I do not flash my headlights to warn other drivers of police ahead because you do not know who you are flashing. You could be flashing someone who is DUI and should not even be on the road that the police might stop and catch if you do not warn them.

    • Anthony Clay

      wow your someone i would luv never to meet

      • independent thinker

        That is good cause I have no desire to meet you either.

        • Justsomeguy151

          Because yr obviously a statist [comment has been edited]

    • maddcatt1

      While I agree people should not drink and drive and if they do I too hope they get caught before they hurt someone. I assure you there are many more non-drunk drivers on the road that could use a break, and you apparently wish bad luck on all. Nice of you independent stinker.

  • TexasOlTimer

    There are many reasons to flash your lights at another car. It might not have its lights on in conditions that would require them. Big trucks flash their lights at another truck that is passing them to let the other truck know they are clear and can move over. I’m told that in various areas around the country it has different meanings and there’s always the possibility it was done by accident. Are the thought police now going to say they KNOW what you are thinking when you flash your lights?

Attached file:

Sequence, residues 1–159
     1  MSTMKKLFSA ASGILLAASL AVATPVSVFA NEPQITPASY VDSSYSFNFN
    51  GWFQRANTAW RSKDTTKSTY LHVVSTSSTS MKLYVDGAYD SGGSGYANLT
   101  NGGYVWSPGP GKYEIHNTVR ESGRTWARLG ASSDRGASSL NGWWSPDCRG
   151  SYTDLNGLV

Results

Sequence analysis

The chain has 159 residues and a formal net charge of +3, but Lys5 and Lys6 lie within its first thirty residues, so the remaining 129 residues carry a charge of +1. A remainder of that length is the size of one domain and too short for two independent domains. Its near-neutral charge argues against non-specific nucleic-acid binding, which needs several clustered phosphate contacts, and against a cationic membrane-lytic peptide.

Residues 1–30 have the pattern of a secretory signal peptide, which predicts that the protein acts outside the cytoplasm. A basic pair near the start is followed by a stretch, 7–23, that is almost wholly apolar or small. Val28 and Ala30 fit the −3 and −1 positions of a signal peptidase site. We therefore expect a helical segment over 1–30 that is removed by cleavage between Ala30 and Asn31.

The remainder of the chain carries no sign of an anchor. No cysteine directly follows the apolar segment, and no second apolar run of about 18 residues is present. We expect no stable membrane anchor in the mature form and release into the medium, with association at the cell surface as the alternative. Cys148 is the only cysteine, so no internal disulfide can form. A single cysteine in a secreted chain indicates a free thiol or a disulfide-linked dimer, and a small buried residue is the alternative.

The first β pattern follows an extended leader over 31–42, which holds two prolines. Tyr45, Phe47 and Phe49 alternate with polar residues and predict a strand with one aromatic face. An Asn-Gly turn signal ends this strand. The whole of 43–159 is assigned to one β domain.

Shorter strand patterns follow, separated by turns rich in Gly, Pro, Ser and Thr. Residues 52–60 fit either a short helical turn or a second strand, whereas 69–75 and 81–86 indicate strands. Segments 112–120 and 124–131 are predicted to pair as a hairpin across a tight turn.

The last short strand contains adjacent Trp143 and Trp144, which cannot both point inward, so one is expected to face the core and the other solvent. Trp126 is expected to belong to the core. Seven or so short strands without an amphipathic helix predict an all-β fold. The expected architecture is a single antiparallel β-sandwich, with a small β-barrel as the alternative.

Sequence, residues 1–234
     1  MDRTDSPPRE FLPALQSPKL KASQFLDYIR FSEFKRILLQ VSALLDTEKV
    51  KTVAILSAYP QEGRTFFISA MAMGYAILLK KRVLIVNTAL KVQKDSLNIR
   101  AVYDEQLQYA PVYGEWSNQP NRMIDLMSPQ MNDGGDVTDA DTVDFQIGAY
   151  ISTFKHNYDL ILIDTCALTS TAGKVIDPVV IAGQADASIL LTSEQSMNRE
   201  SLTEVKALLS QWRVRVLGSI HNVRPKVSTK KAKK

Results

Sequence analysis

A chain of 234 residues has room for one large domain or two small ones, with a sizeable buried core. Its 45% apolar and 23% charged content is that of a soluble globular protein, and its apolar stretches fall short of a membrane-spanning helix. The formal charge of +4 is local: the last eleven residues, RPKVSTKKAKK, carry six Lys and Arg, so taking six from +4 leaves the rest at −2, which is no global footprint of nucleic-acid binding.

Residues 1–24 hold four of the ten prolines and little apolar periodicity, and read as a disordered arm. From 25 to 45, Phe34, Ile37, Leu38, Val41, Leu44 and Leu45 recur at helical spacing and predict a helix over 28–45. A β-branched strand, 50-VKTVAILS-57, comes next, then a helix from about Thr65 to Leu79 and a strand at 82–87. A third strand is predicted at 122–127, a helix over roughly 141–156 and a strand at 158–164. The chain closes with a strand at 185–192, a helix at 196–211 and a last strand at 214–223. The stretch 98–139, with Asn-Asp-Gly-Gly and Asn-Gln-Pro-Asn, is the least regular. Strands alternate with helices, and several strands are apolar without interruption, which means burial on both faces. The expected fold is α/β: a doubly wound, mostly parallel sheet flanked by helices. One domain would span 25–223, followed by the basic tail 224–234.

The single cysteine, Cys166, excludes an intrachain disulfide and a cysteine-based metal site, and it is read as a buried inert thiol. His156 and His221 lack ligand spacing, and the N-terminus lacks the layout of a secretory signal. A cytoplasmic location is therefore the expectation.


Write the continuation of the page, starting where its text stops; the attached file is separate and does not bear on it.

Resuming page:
Those with CBs, today primarily big trucks, routinely warn others of police stopped in any area whether sitting with radar watching traffic or with vehicles stopped beside the road. Why would one way of warning other motorists be held against the law and not another?

    • chocopot

      In my area, at night the drivers flash their lights at each other to warn of deer on or near the road ahead. We have many, many deer and they cause numerous serious accidents every year.

    • FreedomFighter

      Flash Flash — you aint getting his cash…

      Laus Deo
      Semper FI

    • http://www.OlGreyGhost.Blogspot.com/ Ol’ Grey Ghost

      Here in the Republic (Texas for you non-Texans), flashing one’s lights to warn others of traffic hazards, like radar-wielding police officers, is specifically exempted in the law…

      • http://www.OlGreyGhost.Blogspot.com/ Ol’ Grey Ghost

        Here is the law in the Republic…

        http://www.statutes.legis.state.tx.us/Docs/PE/htm/PE.38.htm#38.05

        Note section “b.” This has been used to protect people who flash their headlights, tell smokers they are smoking in a non-smoking section, and who warn their neighbors that their music is too loud…

    • vicki

      Besides it is a courtesy to the officer cause it warns other drivers to be careful and watch for them so they don’t accidentally run into them

  • TeaParty Patriot (TTP)

    .
    I have very frequently flashed my headlights to let oncoming motorists know that there is some kind of traffic hazzard ahead be it a police trap, slick spot, an accident or in some states livestock in the road or something lying in the road.